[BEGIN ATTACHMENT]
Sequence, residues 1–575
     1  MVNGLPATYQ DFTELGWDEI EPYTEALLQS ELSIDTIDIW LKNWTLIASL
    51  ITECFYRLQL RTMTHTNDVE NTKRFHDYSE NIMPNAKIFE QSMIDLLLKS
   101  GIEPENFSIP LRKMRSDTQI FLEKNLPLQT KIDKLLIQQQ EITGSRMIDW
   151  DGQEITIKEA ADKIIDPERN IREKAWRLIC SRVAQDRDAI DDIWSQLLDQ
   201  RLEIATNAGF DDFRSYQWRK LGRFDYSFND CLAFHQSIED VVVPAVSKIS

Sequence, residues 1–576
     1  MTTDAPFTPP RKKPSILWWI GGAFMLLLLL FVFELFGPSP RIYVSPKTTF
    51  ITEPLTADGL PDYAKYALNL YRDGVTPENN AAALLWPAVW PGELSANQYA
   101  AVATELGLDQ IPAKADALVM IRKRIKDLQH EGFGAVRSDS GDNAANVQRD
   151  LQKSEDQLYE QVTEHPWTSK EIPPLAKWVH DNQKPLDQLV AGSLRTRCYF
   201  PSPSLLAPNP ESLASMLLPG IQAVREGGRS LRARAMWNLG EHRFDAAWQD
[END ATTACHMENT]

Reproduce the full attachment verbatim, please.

Sequence, residues 1–575
     1  MVNGLPATYQ DFTELGWDEI EPYTEALLQS ELSIDTIDIW LKNWTLIASL
    51  ITECFYRLQL RTMTHTNDVE NTKRFHDYSE NIMPNAKIFE QSMIDLLLKS
   101  GIEPENFSIP LRKMRSDTQI FLEKNLPLQT KIDKLLIQQQ EITGSRMIDW
   151  DGQEITIKEA ADKIIDPERN IREKAWRLIC SRVAQDRDAI DDIWSQLLDQ
   201  RLEIATNAGF DDFRSYQWRK LGRFDYSFND CLAFHQSIED VVVPAVSKIS

Sequence, residues 1–576
     1  MTTDAPFTPP RKKPSILWWI GGAFMLLLLL FVFELFGPSP RIYVSPKTTF
    51  ITEPLTADGL PDYAKYALNL YRDGVTPENN AAALLWPAVW PGELSANQYA
   101  AVATELGLDQ IPAKADALVM IRKRIKDLQH EGFGAVRSDS GDNAANVQRD
   151  LQKSEDQLYE QVTEHPWTSK EIPPLAKWVH DNQKPLDQLV AGSLRTRCYF
   201  PSPSLLAPNP ESLASMLLPG IQAVREGGRS LRARAMWNLG EHRFDAAWQD